The shingles vaccine, Zostavax®, has been approved by National Immunisation Program (NIP), to be provided free of charge from 1 November 2016 to people aged 70 years, subject to vaccine supply. There will also be a five year catch-up program for people aged 71 – 79 years.

  • Efficacy in this age group is 41%
  • Zostavax is contraindicated in the immunocompromised
  • A single dose of vaccine should be administered subcutaneously in the deltoid region
  • Zostavax can be co-administered with an inactivated vaccine at a separate injection site
  • It’s not necessary to check VZV serology before vaccination
  • Zoster vaccination is not recommended in people previously vaccinated with varicella vaccine
  • People who’ve had shingles can be vaccinated after a wait of at least a year

Individuals who should not receive the vaccine include the immunocompromised, pregnant women, and those who have previously had anaphylaxis to any varicella zoster virus-containing vaccine or its components.

 Immunocompromised patients are as follows:

  • Haematological or generalised malignancies (including those not on treatment): eg. lymphoma, acute or chronic leukaemia, Hodgkin's disease
  • Solid organ or bone marrow transplant recipients (with exceptions as advised by specialists)
  • HIV/AIDS (with exceptions as advised by specialists) or other congenital/acquired immunodeficiencies
  • Current or recent high dose systemic immunosuppressive therapy: eg. chemotherapy, radiation therapy, oral corticosteroids, disease modifying anti-rheumatic drugs

Psoriasis is a chronic inflammatory skin condition characterised by red and scaly plaque rash. It is thought to be immune-mediated inflammatory (autoimmune) disease. It is not contagious. Psoriasis also can affect nails and joints (causing psoriatic arthritis). Psoriasis affects 2-4% of males and females. It affects at any age from childhood to adult. It has peaks onset of 30-39 years and 50-69 years.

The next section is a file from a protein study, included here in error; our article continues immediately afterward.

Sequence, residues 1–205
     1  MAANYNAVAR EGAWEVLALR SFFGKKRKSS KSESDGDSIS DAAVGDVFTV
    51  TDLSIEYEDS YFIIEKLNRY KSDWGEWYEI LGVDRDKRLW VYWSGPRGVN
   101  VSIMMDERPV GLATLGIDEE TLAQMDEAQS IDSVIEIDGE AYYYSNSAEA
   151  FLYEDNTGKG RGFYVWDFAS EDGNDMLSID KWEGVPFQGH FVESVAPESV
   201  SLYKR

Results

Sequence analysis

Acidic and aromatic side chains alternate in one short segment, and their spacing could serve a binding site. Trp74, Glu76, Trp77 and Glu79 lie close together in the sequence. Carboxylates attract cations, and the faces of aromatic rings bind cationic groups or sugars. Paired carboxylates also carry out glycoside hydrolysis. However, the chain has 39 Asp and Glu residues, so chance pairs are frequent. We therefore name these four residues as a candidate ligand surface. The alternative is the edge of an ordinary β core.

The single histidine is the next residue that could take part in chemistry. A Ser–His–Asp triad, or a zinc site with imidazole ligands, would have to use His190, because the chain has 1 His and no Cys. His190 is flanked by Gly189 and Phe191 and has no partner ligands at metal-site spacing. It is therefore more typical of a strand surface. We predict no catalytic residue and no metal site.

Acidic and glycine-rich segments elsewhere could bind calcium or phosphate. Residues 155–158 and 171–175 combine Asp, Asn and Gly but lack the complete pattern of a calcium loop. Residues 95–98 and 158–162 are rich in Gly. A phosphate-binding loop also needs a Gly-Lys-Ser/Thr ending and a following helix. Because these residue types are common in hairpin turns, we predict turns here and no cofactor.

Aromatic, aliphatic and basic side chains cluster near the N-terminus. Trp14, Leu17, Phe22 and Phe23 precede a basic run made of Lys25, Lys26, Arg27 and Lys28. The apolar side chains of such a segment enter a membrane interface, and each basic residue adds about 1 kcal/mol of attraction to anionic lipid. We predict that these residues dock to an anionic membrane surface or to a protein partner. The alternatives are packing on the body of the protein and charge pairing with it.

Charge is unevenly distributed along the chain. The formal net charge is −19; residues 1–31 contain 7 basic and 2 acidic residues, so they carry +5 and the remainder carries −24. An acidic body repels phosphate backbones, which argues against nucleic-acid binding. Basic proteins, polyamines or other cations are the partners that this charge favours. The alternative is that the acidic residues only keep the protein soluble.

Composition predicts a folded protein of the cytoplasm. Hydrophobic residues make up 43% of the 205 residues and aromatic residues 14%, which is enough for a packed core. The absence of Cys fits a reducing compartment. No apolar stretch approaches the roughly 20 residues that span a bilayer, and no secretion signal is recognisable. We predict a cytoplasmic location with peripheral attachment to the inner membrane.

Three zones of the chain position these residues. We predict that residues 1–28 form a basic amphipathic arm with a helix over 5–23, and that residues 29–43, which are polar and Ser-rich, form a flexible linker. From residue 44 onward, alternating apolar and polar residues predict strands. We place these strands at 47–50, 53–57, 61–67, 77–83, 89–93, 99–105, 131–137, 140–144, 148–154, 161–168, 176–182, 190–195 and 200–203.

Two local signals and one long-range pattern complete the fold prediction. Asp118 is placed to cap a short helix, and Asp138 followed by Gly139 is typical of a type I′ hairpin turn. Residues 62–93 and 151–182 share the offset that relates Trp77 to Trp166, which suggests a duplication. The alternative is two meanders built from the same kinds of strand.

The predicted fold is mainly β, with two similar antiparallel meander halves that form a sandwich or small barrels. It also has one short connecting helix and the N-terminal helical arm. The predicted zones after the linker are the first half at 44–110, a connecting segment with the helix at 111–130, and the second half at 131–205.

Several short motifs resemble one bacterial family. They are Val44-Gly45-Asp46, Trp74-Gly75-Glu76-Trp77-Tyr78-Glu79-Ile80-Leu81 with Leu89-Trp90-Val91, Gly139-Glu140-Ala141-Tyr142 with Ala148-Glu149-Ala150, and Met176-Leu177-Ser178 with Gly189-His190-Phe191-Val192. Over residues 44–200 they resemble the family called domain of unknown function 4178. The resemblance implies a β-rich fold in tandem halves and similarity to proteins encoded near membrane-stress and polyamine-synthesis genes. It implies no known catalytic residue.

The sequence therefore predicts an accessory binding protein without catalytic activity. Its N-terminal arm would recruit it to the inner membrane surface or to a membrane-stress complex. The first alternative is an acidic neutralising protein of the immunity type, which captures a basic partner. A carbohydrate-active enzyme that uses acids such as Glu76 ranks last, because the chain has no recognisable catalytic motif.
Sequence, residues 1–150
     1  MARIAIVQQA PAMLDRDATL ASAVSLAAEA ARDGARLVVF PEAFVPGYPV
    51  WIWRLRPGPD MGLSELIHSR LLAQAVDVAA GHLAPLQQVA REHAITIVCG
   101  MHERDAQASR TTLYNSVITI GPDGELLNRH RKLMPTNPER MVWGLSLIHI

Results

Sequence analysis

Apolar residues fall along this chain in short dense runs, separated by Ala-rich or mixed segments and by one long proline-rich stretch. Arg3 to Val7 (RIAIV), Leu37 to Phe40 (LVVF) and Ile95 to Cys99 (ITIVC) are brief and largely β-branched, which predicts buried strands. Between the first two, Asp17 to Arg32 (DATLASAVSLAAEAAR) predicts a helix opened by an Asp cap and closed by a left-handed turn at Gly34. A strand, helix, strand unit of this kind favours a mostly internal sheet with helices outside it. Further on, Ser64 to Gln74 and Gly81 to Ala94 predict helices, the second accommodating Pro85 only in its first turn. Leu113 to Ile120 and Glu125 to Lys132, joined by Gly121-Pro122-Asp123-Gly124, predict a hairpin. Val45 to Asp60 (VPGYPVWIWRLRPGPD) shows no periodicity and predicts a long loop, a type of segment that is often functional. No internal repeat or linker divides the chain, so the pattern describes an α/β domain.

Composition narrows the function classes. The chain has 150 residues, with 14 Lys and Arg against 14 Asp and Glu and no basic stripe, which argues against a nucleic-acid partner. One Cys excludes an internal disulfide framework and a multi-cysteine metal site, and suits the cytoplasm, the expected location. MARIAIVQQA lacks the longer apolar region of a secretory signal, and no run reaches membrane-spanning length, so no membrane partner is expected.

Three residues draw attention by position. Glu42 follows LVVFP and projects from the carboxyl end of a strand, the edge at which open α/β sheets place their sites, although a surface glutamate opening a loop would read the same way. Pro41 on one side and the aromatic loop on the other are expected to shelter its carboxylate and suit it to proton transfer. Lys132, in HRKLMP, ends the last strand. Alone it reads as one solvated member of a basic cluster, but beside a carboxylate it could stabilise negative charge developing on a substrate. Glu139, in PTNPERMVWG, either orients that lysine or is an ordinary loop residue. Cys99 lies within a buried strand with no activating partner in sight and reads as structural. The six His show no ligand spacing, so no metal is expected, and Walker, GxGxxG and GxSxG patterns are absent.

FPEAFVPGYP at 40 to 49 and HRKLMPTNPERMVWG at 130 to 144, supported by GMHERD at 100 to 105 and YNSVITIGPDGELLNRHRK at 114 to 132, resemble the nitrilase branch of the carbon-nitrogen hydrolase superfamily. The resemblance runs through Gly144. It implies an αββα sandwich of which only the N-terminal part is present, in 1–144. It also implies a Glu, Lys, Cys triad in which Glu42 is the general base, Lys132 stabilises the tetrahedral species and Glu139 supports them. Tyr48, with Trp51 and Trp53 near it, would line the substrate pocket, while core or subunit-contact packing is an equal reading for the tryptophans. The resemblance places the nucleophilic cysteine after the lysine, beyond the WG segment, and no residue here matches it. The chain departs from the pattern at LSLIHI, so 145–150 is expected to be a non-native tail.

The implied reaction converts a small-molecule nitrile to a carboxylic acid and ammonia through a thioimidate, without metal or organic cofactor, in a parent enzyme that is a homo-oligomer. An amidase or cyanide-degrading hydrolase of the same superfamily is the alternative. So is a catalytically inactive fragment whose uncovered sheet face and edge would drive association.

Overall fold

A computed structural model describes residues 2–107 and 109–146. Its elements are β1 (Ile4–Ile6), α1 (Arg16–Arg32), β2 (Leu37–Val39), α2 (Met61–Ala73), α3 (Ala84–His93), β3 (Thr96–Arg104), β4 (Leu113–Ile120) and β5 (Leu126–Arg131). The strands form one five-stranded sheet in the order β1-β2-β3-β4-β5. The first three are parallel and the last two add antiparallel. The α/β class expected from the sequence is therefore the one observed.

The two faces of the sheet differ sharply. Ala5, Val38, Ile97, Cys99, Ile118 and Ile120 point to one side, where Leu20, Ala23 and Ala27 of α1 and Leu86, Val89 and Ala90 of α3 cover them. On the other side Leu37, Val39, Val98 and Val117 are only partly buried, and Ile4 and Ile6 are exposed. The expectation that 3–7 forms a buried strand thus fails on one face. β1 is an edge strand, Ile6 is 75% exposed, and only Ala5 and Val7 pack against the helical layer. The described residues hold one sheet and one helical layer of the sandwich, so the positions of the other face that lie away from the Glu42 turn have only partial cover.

Risk factor for triggering or worsening psoriasis:

  • Family history especially in those with first degree relatives. Genetics suspectibility with major histocompatibility complex on chromosome 6p21, IL-12 and IL-23 genes had been implicated in psoriasis
  • Smoking
  • Obesity
  • Drugs such as Lithium, Beta- blockers, antimalarials, nonsteroidal anti-inflammatory drugs
  • Infections due to viral or bacterial infections. Poststreptococcal infection causes flare of guttate psoriasis. HIV is known to worsen the condition of psoriasis.
  • Excess alcohol consumption

Clinical features:

Psoriasis usually presents with symmetrically distributed, red, scaly plaques with well defined borders. The scale can be silvery white and may have peeling surface. Scaling and redness of skin occurs due to increased growth than normal and cells turnover in psoriasis with inflammation. In normal skin, the skin cells turnover is 27 days but in psoriasis, the skin cells turnover become shortened to 4 days. The most common sites affected are scalp, elbows and knees. In severe form of psoriasis, it can affect the whole body. Some patient can complain itchy of the skin leading to scratching and lichenification (thickened leathery skin).

Tinnitus is the perception of sound experienced by a person as noise in the absence of external noise. Tinnitus is not a disease itself. The sound can be buzzing, hissing, whistling, roaring, ringing, humming or hissing. It can be continuous or occur intermittently. It may be pulsatile or non-pulsatile. Tinnitus does not have to dramatically affect your quality of life. You should avoid focussing too much attention on your tinnitus. Avoid excessive noise, find relaxation and stress management techniques that work for you.

Approximately, 17 to 20% of Australians suffer from some degree of tinnitus, varying from mild to severe. It is common for a person's to be affected by stress or tiredness.

Tinnitus can be triggerred along the auditory pathway. The majority of patients have tinnitus due to hearing loss at the cochlea or cochlear nerve level. PET scanning and functional MRI studies indicate that the loss of cochlear input to neurons in the central auditory pathways (such as occurs with cochlear hair cell damage due to ototoxicity, noise trauma or a lesion of the cochlear nerve) can result in abnormal neural activity in the auditory cortex causing tinnitus.